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Title: In vivo assessment of mitral valve leaflet remodelling following myocardial infarction

Each year, more than 40,000 people undergo mitral valve (MV) repair surgery domestically to treat regurgitation caused by myocardial infarction (MI). Although continual MV tissue remodelling following repair is believed to be a major contributor to regurgitation recurrence, the effects of the post-MI state on MV remodelling remain poorly understood. This lack of understanding limits our ability to predict the remodelling of the MV both post-MI and post-surgery to facilitate surgical planning. As a necessary first step, the present study was undertaken to noninvasively quantify the effects of MI on MV remodelling in terms of leaflet geometry and deformation. MI was induced in eight adult Dorset sheep, and real-time three-dimensional echocardiographic (rt-3DE) scans were collected pre-MI as well as at 0, 4, and 8 weeks post-MI. A previously validated image-based morphing pipeline was used to register corresponding open- and closed-state scans and extract local in-plane strains throughout the leaflet surface at systole. We determined that MI inducedpermanentchanges in leaflet dimensions in the diastolic configuration, which increased with time to 4 weeks, then stabilised. MI substantially affected the systolicshapeof the MV, and therange of stretchexperienced by the MV leaflet at peak systole was substantially reduced when referred to the current time-point. more » Interestingly, when we referred the leaflet strains to the pre-MI configuration, the systolic strains remained very similar throughout the post-MI period. Overall, we observed that post-MI ventricular remodeling induced permanent changes in the MV leaflet shape. This predominantly affected the MV’s diastolic configuration, leading in turn to a significant decrease in the range of stretch experienced by the leaflet when referenced to the current diastolic configuration. These findings are consistent with our previous work that demonstrated increased plastic (i.e. non-recoverable) leaflet deformations post-MI, that was completely accounted for by the associated changes in collagen fiber structure. Moreover, we demonstrated through noninvasive methods that the state of the MV leaflet can elucidate the progression and extent of MV adaptation following MI and is thus highly relevant to the design of current and novel patient specific minimally invasive surgical repair strategies.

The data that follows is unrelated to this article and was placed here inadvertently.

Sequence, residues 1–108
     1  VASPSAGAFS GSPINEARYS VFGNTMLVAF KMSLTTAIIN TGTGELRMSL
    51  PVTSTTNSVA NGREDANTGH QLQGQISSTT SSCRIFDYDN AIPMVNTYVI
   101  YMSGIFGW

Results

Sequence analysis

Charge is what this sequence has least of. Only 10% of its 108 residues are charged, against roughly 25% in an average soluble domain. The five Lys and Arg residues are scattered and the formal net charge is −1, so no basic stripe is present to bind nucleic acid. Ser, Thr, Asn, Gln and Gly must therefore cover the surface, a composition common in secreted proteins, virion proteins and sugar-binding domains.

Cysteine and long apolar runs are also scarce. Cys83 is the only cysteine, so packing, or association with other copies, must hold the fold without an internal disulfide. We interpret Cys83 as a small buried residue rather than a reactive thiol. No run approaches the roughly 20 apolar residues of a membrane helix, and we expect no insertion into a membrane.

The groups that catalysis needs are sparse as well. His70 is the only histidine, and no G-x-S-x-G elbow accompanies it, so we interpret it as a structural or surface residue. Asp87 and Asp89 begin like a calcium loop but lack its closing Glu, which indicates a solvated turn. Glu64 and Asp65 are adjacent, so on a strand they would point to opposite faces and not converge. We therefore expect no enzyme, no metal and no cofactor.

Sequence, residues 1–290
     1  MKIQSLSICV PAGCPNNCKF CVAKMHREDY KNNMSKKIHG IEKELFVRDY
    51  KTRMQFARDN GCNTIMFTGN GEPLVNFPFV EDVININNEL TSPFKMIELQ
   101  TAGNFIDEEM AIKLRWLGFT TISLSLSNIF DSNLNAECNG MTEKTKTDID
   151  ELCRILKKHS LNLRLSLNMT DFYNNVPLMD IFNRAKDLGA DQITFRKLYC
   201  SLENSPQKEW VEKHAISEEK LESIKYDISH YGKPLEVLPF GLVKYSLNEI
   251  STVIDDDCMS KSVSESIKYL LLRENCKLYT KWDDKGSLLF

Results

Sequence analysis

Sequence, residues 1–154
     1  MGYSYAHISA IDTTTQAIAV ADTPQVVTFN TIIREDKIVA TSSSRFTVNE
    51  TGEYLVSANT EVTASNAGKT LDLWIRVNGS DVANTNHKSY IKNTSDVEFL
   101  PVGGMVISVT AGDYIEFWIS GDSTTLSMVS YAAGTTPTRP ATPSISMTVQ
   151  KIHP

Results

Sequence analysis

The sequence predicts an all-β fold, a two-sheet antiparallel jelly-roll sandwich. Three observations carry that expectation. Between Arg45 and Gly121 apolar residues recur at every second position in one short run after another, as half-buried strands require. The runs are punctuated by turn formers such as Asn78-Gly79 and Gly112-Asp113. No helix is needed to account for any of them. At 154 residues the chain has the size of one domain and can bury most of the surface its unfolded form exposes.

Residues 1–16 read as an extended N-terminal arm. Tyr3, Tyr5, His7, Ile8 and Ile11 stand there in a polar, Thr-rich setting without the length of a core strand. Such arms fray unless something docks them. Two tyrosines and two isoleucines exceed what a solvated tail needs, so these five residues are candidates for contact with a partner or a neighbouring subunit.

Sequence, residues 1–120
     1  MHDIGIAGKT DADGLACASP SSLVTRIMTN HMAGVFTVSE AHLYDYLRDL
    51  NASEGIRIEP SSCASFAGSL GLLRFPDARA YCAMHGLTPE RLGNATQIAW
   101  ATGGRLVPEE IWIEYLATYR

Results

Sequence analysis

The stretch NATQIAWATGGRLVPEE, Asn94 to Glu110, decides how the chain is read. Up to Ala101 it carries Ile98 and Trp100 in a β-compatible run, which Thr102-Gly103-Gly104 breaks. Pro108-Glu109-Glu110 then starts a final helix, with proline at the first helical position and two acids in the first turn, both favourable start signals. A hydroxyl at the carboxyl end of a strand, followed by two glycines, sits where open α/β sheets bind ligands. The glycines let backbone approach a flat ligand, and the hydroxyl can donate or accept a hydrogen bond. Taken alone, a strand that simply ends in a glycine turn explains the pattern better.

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Publication Date:
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Scientific Reports
Nature Publishing Group
Sponsoring Org:
National Science Foundation
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